Saturday, November 24, 2007

Kindle— eBook reader or Web 2.0?


For roughly a decade, eBooks have been available. The number formats has grown as has the number of devices upon which to read them. Unlike video games, which went from Pong on the Atari to Halo on the X-box 360, neither the media nor the device(s) has fulfilled the expectations of buyers. The most common technologies, which include the still available eBookwise and Sony Reader, have a new competitor, Amazon.com’s Kindle.

The new gadget is about the size of a trade paperback; it has the same readable, almost magical screen as the Sony Reader; also, it has a wireless access which is used by cellphones to a huge selection of titles, some 90,000, via Amazon (no computer needed.) Amazon has managed to secure agreements with most of the major publishers for content, stating that 90% of the NYT bestseller list is available for the Kindle. Many periodicals are also available for low, monthly prices. Could this be what the iPod and iTunes has been for the music world? Perhaps, but I see three downsides to this new effort: it is rather expensive to buy the machine and its content, the screen isn’t backlit for reading in the dark, and it is ugly— really ugly.

That said, I still think this is an interesting development. Right on Amazon’s website, authors are encouraged to make their stories available for the Kindle. No publisher needed. That, by gosh, does intrigue me. Amazon’s new gadget might do away with conventional publishing— no printers, paper, ink, wholesalers, salesmen, managers, truck drivers, or bookstores. Even editors would be optional for some writers, which should mean less cost for readers and more income for writers. With all that in mind, I mentioned the Kindle in a message posted to my publisher’s Yahoo group. Please remember that this is an eBook publisher, so you’d think these folks would be interested in this new gadget. Only one author responded, and that one was concerned about the price. None of the other list members (230 or so) responded to my query, which may mean that a Yahoo group is dead as means of online communication, or it may mean that this is not the device which will bring out the benefits eBooks to the book-buying public.

I remain positive about present and the future of eBooks. Currently, I use a Palm as an eBook reader, and mine has some 80 books and short stories on it, but I recognize that this device is the VCR of pocket sized computing. Some are still around, but it’s on the way into oblivion. Apple’s iPhone, the various iterations of Blackberry, and other gadgets have been infused with that hard to define but easy to recognize characteristic— cool. The Kindle is not yet cool, but it is a step toward the future. Indeed, the word kindle means to start (a fire) burning, to stir up, to bring into being and to catch fire. Interesting name, now isn’t it?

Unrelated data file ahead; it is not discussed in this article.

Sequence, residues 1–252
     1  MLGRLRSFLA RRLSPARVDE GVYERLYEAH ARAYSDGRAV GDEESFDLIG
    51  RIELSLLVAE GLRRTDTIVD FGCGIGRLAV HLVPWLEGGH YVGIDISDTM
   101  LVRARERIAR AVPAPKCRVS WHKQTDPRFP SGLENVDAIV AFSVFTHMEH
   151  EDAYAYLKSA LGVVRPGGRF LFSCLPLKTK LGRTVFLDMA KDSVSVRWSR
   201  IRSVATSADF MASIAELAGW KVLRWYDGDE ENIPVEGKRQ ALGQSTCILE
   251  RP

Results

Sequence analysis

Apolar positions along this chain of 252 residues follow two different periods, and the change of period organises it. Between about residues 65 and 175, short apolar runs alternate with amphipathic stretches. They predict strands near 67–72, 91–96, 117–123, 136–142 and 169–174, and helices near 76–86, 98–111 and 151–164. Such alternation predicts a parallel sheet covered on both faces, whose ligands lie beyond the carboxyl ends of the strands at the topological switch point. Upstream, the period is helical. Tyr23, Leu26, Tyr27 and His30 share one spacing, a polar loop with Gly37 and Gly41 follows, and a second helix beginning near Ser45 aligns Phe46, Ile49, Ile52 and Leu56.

When I was a kid, there were record stores in just about every town. Now there are virtually none, and the ones which do exist sell accessories for the iPod. Watch out, Barnes and Noble, something has begun which just might burn you guys.

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2 Comments:

At Dec 9, 2007, 10:41:00 PM, Blogger Sun Singer said...

I wrote a post on one of my blogs about Kindle as well.

The price alone will keep me away from the product; plus, I'm too set in my ways to remotely consider reading novels on a screen.

That said, it's an interesting development. If Amazon takes over the market with this, then we'll all have to play their game until the antitrust boys talk to them in the same way they bugged Microsoft: they have proprierary hardware and software.

If they don't corner the market, that's a problem for people with other readers and/or other books.

If they fail, it's a problem for all the people who have Kindles and stuff they can only read on a Kindle.

Needless to say, I'm biased against reading fiction this way, so maybe I'm looking for weeds where there aren't any.

Malcolm

 
At Dec 11, 2007, 2:19:00 PM, Blogger Pamela J. Dodd said...

Oh, I really like eBooks, so that isn't a problem for me. The device doesn't have that "amazing" design aspect that an iPod has, so the price does seem inordinately high.

I really think the connectivity is the thing that sets this device apart. Imagine having a whim to read the New York Times and being able to download it in seconds. That really is cool, and cool is what determines price nowadays.

I'll have to hop on over and check out your comments on this device.

Pam

 

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